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Writer: Writer: Tori Bowman
Kyle Stewart, a Brigham Young University-Idaho junior, has been awarded a U.S. Department of State Critical Language Scholarship (CLS) to study Indonesian in Malang, Indonesia, this summer.
Out of approximately 5,300 applicants, Stewart was one of 575 U.S. graduate and undergraduate students chosen to receive this scholarship. He is also only the second BYU-Idaho student to receive such a scholarship. Students from all states apply and recipients are chosen from various universities and academic disciplines each year.
Stewart feels this scholarship will help him broaden his thinking, increase his language skills, and gain experience for his future career. "This experience will help me to maintain and expound upon the things I already know," Stewart said. He also feels that this opportunity will help him get a better handle on what he wants to do with in his future career.
Because Stewart spent two years in Indonesia as a missionary and speaks the language fluently, he has been labeled as an "advanced" student. His language proficiency will be tested at the beginning of his stay and his classes will be tailored to fit his needs.
Stewart will spend a few days in Washington, D.C., for orientation beginning June 10. Upon arrival in Indonesia, he will spend a minimum of four hours each day at Universitas Negeri Malang taking extensive language courses. Stewart will also be taking culinary, art, music and martial arts courses.
His studies will be augmented with cultural excursions, visits to national parks, and other activities meant to immerse him in the culture as much as possible. During his two-month stay, Stewart will live with a host family and will only be allowed to speak Indonesian.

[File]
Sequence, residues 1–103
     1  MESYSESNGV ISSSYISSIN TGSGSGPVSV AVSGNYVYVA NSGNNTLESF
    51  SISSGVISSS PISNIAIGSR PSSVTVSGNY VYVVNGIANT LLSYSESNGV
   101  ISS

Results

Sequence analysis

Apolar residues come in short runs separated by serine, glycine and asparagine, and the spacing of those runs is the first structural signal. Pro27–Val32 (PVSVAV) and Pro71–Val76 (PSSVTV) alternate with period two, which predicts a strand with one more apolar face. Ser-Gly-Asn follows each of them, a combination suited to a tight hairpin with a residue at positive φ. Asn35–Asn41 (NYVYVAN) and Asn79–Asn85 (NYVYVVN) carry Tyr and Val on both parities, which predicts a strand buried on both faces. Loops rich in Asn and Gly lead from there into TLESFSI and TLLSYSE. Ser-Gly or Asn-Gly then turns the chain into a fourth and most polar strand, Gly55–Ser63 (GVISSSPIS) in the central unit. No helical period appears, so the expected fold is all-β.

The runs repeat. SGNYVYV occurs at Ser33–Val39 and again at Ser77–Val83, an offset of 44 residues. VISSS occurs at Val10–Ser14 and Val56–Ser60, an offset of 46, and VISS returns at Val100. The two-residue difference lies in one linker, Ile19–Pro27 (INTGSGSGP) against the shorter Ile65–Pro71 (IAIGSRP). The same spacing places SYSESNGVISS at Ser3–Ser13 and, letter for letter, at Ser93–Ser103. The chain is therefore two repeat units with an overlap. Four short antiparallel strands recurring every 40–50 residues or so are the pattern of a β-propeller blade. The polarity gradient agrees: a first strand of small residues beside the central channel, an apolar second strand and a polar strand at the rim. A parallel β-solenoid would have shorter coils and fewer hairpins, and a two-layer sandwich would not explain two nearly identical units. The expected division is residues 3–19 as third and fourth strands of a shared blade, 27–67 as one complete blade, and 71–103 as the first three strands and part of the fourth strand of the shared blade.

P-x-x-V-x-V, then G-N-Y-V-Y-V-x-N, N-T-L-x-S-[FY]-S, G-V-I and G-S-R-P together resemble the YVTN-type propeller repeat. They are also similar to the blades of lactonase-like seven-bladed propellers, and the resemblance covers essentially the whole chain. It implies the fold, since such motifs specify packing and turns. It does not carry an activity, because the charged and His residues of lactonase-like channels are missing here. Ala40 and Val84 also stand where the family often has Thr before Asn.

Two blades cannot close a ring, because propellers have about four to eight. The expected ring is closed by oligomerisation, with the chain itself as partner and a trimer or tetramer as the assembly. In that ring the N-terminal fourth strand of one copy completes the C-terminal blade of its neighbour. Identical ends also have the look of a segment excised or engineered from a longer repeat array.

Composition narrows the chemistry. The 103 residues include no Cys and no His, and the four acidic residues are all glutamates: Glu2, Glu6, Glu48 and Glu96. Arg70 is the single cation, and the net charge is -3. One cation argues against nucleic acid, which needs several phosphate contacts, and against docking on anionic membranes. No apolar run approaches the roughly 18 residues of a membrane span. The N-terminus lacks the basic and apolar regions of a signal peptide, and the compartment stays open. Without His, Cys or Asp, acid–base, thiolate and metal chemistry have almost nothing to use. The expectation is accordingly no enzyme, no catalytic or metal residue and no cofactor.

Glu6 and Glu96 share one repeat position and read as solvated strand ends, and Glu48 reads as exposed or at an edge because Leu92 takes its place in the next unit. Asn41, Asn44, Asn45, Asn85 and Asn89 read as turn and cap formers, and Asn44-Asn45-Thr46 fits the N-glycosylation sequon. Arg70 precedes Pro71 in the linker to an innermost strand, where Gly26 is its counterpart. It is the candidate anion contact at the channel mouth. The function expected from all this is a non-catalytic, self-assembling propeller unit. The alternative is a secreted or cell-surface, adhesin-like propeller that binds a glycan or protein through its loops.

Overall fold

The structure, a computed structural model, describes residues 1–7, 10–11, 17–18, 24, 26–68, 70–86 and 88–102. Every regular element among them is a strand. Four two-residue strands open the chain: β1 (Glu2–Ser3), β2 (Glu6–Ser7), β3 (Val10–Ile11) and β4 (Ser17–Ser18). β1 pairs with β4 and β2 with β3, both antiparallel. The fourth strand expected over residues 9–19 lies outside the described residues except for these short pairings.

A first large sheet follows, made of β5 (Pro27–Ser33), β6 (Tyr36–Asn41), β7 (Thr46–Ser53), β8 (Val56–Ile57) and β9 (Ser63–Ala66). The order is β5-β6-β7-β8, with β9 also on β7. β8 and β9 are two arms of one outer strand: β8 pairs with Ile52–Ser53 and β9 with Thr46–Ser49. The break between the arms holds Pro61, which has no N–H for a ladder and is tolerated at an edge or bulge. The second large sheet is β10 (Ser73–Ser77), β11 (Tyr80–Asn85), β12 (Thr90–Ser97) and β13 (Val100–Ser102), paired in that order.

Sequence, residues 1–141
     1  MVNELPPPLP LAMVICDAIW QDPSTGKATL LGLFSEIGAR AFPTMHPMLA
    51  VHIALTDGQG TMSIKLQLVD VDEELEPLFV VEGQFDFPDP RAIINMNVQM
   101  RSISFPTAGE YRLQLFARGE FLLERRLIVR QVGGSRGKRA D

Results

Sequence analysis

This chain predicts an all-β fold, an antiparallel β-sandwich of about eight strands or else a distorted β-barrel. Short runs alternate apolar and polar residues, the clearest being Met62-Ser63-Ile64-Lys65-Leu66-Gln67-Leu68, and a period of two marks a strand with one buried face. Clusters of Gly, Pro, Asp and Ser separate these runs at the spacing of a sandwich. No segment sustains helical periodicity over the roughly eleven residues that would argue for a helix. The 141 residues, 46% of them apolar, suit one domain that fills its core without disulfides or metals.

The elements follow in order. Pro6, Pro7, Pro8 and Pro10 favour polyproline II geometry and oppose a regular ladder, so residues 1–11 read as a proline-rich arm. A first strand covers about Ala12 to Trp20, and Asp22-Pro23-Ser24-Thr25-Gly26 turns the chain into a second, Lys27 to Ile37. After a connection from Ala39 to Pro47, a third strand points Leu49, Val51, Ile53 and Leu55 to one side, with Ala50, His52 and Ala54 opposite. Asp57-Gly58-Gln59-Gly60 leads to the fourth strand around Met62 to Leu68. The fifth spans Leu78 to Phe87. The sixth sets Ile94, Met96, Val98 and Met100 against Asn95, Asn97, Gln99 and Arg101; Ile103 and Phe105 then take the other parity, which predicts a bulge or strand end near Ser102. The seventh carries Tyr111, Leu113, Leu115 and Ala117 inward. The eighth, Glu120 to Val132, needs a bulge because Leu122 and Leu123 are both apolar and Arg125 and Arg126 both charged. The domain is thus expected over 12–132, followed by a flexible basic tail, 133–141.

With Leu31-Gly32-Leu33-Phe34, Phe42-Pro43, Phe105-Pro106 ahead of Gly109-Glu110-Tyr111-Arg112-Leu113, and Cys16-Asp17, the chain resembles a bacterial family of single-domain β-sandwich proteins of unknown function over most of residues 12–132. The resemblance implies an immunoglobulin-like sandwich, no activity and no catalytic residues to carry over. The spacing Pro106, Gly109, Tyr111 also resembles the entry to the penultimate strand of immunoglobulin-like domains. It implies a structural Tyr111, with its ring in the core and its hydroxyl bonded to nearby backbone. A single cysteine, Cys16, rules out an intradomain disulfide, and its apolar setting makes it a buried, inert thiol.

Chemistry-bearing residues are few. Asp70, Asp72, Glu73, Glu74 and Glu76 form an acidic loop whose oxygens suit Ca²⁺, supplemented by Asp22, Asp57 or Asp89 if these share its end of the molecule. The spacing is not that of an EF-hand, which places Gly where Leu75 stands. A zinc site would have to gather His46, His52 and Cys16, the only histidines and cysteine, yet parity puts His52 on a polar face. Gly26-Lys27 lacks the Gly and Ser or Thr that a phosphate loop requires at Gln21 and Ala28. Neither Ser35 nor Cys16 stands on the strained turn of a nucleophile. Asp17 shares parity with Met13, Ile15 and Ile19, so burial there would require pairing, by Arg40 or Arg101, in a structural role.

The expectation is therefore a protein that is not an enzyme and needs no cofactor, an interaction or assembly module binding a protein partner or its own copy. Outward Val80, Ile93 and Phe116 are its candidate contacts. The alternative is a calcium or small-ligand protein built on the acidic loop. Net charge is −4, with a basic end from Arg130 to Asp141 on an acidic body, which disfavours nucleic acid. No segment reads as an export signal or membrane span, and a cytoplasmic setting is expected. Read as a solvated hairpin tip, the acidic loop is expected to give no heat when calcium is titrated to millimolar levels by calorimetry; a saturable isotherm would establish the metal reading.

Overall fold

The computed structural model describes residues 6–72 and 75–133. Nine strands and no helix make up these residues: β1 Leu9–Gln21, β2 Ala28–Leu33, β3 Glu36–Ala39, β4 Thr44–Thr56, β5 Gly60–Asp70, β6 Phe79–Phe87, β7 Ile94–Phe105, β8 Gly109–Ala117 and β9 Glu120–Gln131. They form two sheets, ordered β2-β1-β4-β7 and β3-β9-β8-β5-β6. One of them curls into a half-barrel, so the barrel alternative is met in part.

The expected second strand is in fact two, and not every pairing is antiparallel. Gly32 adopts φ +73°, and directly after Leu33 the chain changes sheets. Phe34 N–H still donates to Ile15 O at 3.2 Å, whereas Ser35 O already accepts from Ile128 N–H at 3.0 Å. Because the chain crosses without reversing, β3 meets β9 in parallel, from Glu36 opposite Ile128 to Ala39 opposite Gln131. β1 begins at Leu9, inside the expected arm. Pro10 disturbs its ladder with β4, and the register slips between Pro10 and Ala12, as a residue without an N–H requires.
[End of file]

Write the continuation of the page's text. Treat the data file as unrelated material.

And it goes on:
Stewart's love for the country led him to pursue a degree in international studies with a multi-lingual minor. "These two areas of study are great for returned missionaries because they help them to retain their foreign language skills and find practical ways to integrate their knowledge and experience into their professional pursuits," said Kirk Widdison, a faculty member of the Department of Foreign Languages and Literatures.
The CLS program began in 2006 to give American students more opportunities to study critical-need languages overseas. Critical-need languages are lesser-known languages of countries that have unstable relationships with the U.S. The program is part of a wider U.S. government effort to drastically increase the number of Americans studying and mastering such languages.
CLS Program participants are among the more than 40,000 academic and professional exchange program participants supported annually by the U.S. Department of State's Bureau of Educational and Cultural Affairs to promote mutual understanding and respect between the people of the United States and the people of other countries.